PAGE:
America is the land of opportunity. Just don't be black, gay, or transgender.

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'Cyber is just pounding me from every direction'
By Thom Holwerda on 2015-03-27 15:53:11

Texas representative John Carter, chairman of the subcommittee on Homeland Security appropriations, and who sits on various other defense-related subcommittees, is hearing about cyber a lot these days. As he put it, "cyber is just pounding me from every direction." That's just the first few seconds of the very entertaining video, where Carter tries to find the right words to express his concern over new encryption standards from Apple and others.

You may laugh about this, but... These are the people running the most powerful military of the world.

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GNOME 3.16, Builder released
By Thom Holwerda on 2015-03-27 15:49:49

GNOME 3.16 brings a brand new notification system and updated calendar design, which helps you to easily keep track of what’s happened, and includes useful information like world times and event reminders. Other features include overlaid scrollbars, updated visuals, improved content views in Files, and a redesigned image viewer.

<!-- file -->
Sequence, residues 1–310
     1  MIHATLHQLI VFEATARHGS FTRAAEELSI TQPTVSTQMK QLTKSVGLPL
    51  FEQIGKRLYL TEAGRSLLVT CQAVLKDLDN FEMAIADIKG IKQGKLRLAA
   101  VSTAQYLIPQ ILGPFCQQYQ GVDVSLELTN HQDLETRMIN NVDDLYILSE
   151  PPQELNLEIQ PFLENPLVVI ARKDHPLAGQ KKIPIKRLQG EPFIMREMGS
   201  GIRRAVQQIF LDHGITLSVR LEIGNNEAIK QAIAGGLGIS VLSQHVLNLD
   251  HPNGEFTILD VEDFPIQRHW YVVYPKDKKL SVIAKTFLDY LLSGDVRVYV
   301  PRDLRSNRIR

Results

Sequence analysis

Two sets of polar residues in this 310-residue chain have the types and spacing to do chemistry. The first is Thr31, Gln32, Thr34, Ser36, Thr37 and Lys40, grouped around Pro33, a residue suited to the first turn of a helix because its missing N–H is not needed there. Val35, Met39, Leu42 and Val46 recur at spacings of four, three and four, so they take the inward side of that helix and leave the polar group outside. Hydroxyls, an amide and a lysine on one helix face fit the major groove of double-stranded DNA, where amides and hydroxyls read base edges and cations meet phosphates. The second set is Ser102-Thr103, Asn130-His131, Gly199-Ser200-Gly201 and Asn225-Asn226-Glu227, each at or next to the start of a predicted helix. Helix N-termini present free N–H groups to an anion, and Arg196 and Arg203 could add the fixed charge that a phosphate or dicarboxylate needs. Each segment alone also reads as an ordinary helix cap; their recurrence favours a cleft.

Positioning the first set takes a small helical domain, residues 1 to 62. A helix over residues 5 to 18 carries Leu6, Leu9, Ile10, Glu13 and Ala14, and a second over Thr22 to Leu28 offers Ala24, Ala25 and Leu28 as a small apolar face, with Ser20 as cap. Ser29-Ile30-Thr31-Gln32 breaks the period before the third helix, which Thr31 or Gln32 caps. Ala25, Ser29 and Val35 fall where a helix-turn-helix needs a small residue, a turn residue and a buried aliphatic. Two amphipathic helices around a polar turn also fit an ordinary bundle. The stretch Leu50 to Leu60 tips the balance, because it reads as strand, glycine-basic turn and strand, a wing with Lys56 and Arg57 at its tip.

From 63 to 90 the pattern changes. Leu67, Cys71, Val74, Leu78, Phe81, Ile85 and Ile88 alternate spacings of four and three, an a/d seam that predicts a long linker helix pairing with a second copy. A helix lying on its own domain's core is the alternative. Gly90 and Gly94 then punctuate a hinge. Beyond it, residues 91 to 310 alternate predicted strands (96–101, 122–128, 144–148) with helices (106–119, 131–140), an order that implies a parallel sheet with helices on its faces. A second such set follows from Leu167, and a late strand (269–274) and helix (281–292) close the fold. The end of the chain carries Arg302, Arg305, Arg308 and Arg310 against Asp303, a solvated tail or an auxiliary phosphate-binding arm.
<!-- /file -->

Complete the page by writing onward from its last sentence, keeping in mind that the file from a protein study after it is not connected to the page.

Major additions have also been made to the GNOME developer experience: GTK+ support for OpenGL now allows GTK+ apps to support 3D natively, a new GLib reference counting feature will help with debugging, and GTK+ Inspector has also had a major update.

Also released: GNOME Builder, an IDE for GNOME.

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After a hit game, indie developers struggle to replicate success
By Thom Holwerda on 2015-03-26 23:04:45

Bithell has become one of a growing number of prominent indie game developers known by name after releasing a hit game. New platforms like Steam and iOS have made it easier than ever for a single developer to create a successful game, and sometimes those games really blow up - developers like Minecraft creator Markus "Notch" Persson have become fast millionaires solely off of a single title. But after the elation of a hit game comes a sudden realization: you need to make another one.

This is pretty common among artists; the second album is always the hardest.